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OpenAI plans major overhaul of developer offering

OpenAI hopes to achieve revenue of $1bn by the end of next year and is shifting focus to enterprise customers.

By Ryan Morrison

OpenAI is planning a major overhaul of its developer programme. The company plans to reduce the cost of its APIs in a bid to convince more companies to use its tools to build apps. It comes as analysts predict that generative AI will have a “cold shower” next year due to rising costs and lower demand as the hype begins to wane.

OpenAI is opening up more of its technology to third-party developers and reducing the cost of API calls (Photo: rafapress / Shutterstock)
OpenAI is opening up more of its technology to third-party developers and reducing the cost of API calls. (Photo by rafapress/Shutterstock)

The changes in the AI lab could make the cost of making API calls up to 20 times cheaper. This is in part due to a cut in cost per token, but also through improved memory storage, Reuters reports.

OpenAI and its rivals are increasingly looking to monetise their products, with tech giants like Google and Microsoft also adding incentives such as developer platforms and governance resources to make traceability easier.

The company is also planning to offer the new vision capabilities recently introduced in ChatGPT that allow users to send images to the AI for analysis rather than just text. This has potential in everything from entertainment to medicine and could be used against fine-tuned data for a custom application in those areas. The update will include a stateful API that will allow applications created with GPT-4 to remember the conversation history of an inquiry, allowing the developer to check any new query against previous requests rather than send it to the OpenAI API each time. This in turn will reduce the amount of usage developers need to pay for and reduce overall costs.

At the moment a one-page document being analysed and processed by GPT-4 will cost about $0.10, but with the memory changes and token cost reductions that could drop to below $0.01 if developers implement the new API changes properly.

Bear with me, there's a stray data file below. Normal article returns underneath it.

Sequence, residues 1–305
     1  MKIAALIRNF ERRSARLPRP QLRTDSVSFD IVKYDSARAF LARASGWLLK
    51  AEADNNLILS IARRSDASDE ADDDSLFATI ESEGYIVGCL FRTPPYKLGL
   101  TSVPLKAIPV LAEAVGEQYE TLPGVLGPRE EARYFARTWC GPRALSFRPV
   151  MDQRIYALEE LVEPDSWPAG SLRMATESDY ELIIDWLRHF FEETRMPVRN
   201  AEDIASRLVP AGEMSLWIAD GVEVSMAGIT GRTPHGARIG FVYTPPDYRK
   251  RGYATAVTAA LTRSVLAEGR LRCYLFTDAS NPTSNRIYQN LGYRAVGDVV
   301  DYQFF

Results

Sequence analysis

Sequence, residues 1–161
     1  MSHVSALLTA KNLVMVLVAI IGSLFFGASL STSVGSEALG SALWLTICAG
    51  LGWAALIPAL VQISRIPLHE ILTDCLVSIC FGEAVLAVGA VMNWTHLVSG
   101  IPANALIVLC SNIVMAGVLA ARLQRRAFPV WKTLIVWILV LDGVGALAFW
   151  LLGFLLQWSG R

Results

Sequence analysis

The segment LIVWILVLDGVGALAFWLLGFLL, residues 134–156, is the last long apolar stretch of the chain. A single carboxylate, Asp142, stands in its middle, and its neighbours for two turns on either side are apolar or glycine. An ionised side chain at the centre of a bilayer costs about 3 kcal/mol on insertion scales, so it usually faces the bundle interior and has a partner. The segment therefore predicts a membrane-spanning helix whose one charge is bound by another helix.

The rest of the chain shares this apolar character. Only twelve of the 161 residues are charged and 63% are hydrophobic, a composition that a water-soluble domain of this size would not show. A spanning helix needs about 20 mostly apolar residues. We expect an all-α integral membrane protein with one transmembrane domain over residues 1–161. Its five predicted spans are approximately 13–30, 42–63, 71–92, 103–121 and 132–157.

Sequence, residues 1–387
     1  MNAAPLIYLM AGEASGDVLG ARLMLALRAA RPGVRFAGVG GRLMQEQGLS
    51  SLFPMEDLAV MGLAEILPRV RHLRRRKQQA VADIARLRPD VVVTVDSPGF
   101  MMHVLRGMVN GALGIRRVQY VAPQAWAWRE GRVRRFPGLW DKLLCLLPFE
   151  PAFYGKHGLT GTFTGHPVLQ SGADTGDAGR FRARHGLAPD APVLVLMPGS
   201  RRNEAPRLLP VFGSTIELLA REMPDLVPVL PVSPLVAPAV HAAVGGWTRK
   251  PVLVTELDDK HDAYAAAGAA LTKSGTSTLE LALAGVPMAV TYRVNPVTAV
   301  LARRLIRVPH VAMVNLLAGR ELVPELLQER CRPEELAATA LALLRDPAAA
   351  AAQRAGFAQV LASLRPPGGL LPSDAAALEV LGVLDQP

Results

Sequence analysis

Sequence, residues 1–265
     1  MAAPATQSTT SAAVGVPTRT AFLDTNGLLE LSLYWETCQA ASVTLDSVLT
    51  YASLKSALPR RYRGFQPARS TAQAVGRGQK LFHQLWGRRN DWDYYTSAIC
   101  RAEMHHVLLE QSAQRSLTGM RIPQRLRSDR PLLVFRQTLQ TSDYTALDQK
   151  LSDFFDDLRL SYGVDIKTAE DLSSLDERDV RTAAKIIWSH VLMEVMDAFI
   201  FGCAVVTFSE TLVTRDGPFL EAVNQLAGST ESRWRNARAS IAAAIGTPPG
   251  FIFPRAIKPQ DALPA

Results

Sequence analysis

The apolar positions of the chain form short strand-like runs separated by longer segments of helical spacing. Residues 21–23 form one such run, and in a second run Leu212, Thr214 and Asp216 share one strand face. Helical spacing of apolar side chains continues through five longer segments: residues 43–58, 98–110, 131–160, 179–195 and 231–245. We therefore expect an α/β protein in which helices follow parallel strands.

The ChatGPT creator says it is also working to make its future models fully multi-modal, which would allow it to analyse video and audio in addition to images and text. It is also integrating DALL-E 3, its image generation model, into ChatGPT and making it available as an API.

Potential ‘cold shower’ for GenAI

The new developer-friendly features will reportedly be released at the OpenAI developer conference on 6 November. This event will be used to encourage companies to utilise GPT-4 and other models to build autonomous agents and chatbots for a range of systems and industries.

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This is the latest salvo in OpenAI’s attempt to court the enterprise market that previously saw the launch of a data-secure version of ChatGPT for enterprise. The Microsoft-backed lab is facing growing competition from Anthropic, which recently took investment from Amazon, and Google’s own DeepMind as well as increasing scrutiny from government regulators.

The enterprise market is seen as the path to profit for OpenAI, which hopes to hit $1bn in revenue by the close of next year, up from $200m this year. This includes gaining revenue from other companies building products on its models, as well as building its own products such as ChatGPT and DALL-E 3.

An insider at OpenAI told Reuters that the company has struggled to win over developers and other companies. Its competition for this market is larger than in the consumer and hobbyist sector with big players like IBM and OpenAI’s own investor Microsoft actively courting the enterprise market.

It isn’t clear what the long-term prospect for this market is. Most analysts suggest significant revenue growth and continued impact on the enterprise market, but not everyone agrees. Allied Market Research suggests it could reach $191.8bn by 2032, growing at a rate of 34.1% from 2023 to 2032.

However, analyst house CCS Insight believe growth may be more sluggish. In its hype predictions for 2024 and beyond, released this week, the CCS team said: “The hype of 2023 has ignored several obstacles that will slow progress in the short term,” for generative AI.

They explained: “The cost of deployment is a prohibitive factor for many organizations and developers. Additionally, future regulation and the social and commercial risks of deploying generative AI in certain scenarios result in a period of evaluation prior to rollout.”

Read more: Will OpenAI really build its own chips?

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